However, your ability to establish these job classification distinctions is limited by your need to satisfy IRS coverage tests. These tests are designed to prevent discrimination against lower-paid workers. For example, the percentage of participating non-highly compensated employees (NHCEs) cannot be less than 70% of the participation rate of highly compensated employees (HCEs). In addition, the average benefits received by NHCEs must equal at least 70% of benefits received by HCEs. The average benefits test also features a more subjective nondiscriminatory classification component.

You can also create different eligibility rules for union and nonunion jobs, and those distinctions, like the delayed eligibility timing tactic, aren’t subject to the minimum coverage tests.

Make the choice

Restricting 401(k) plan participation eligibility isn’t for everyone. And be aware that, if new employees don’t get on the 401(k) bandwagon early, they might be less inclined to participate later when they’re eligible. This could lead to problems with other discrimination tests, namely those comparing deferral rates of NHCEs to HCEs. Still, for some employers, a restrictive eligibility strategy may prove useful.

BPM is one of the largest California-based accounting and consulting firms, ranking in the top 50 in the country. It has served the San Francisco Bay Area's emerging and mid-cap businesses, as well as high-net-worth individuals, since 1986. Our Employee Benefits team consists of professionals with extensive knowledge of ERISA guidelines and deep expertise performing employee benefit plan audits. We can help you craft a smooth-running plan that serves your employees while mitigating associated risk. For more information or for a free expert consultation, Jenise Gaskin at (925) 296-1016 or visit us at www.bpmcpa.com/ebp.

Vesting and Matching Contributions

If you’re focusing on limiting the hard cost of your 401(k) plan related to matching contributions, flexibility with vesting rules can help. For example, you can allow new employees to enroll and begin making their own contributions promptly, but postpone the date at which they become entitled to take ownership of matching contributions.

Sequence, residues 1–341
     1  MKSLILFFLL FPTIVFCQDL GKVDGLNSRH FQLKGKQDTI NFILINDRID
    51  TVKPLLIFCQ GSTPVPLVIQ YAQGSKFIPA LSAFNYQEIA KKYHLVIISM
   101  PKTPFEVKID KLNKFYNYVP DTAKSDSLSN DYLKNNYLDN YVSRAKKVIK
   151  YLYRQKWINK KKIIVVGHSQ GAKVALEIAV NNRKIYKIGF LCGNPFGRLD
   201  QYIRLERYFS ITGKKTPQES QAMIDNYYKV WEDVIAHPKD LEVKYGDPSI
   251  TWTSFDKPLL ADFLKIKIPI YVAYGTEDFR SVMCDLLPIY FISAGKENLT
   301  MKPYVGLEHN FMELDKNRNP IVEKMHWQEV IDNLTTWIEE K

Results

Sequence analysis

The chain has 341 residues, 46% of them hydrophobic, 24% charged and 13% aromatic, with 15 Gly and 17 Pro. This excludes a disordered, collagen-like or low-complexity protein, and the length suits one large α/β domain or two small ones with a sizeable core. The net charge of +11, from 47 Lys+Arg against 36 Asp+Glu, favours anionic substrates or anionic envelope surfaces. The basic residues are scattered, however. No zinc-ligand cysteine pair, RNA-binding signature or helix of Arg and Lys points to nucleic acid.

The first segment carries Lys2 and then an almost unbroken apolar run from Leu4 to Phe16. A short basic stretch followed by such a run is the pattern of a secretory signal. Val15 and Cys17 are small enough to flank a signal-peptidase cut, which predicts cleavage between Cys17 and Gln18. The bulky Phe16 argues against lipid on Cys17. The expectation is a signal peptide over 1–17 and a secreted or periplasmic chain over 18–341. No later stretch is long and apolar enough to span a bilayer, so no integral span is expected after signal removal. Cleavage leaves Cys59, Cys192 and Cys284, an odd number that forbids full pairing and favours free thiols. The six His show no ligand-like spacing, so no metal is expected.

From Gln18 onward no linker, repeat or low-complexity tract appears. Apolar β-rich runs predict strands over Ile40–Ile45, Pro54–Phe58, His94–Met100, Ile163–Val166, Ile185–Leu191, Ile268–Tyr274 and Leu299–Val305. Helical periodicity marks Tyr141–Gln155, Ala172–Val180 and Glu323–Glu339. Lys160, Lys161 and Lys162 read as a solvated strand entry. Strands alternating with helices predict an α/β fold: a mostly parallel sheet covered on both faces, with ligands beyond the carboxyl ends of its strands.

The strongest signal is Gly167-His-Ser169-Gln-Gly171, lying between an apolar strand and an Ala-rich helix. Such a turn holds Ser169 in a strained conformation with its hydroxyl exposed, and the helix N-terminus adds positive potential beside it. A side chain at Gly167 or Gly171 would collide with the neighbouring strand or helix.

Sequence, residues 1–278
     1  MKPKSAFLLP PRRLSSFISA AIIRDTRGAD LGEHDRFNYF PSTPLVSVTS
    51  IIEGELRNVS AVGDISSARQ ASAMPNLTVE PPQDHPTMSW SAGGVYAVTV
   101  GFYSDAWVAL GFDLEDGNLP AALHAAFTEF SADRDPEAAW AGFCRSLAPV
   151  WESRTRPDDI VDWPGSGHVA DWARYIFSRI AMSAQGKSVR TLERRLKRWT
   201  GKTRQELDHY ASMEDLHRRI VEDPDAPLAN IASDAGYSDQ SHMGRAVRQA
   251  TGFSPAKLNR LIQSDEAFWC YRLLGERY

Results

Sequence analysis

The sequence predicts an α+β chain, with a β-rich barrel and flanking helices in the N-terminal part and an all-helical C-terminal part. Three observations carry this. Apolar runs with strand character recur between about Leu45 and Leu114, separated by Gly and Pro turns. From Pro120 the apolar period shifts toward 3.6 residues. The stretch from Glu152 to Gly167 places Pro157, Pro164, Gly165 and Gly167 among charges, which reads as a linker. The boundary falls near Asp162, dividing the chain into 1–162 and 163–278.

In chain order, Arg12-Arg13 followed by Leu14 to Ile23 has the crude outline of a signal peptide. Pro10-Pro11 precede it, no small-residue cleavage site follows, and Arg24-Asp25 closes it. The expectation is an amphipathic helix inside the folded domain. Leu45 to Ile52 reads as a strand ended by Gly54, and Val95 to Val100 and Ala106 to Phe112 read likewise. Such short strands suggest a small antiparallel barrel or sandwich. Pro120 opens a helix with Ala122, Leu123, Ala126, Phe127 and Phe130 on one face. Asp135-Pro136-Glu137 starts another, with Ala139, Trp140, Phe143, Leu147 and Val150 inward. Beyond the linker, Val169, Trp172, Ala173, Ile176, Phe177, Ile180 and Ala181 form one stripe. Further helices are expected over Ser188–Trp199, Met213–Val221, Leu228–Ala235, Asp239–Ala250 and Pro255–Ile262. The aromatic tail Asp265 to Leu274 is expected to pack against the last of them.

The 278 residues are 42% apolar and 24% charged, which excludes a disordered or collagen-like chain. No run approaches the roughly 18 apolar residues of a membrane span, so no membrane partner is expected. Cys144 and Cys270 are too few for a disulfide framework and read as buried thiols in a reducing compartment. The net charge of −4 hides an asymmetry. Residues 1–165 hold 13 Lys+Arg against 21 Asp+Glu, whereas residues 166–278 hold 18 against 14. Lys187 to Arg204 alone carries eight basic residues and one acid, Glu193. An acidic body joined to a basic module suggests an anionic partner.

You have two formulas to choose from if you wish to postpone the date when employees are fully entitled to keep the matching contributions:

  1. Cliff vesting formula. Using this formula, employees aren’t vested in any matching contributions until they’ve completed three years of service. That is, they go from zero to 100% vested when they’ve been in the plan for three years.
  2. Graded vesting formula. Using this formula, a participant’s vesting status increases in 20% increments, after the participant’s second year in the plan. Thus, the participant is 40% vested after three years, 60% after four years, 80% after five years and 100% after six years in the plan.

You can be more liberal with either of the vesting formulas, but not more restrictive. Also, keep in mind that, if you sponsor a safe harbor plan, participants are automatically 100% vested in employer contributions. In addition, if you sponsor a Qualified Automatic Contribution Arrangement, participants must be vested in employer matching contributions in two years.

Whenever considering plan design options, it’s important to work with experienced consultants who can advise you on the options available, as well as what may work best for your company given your objectives and employee demographics.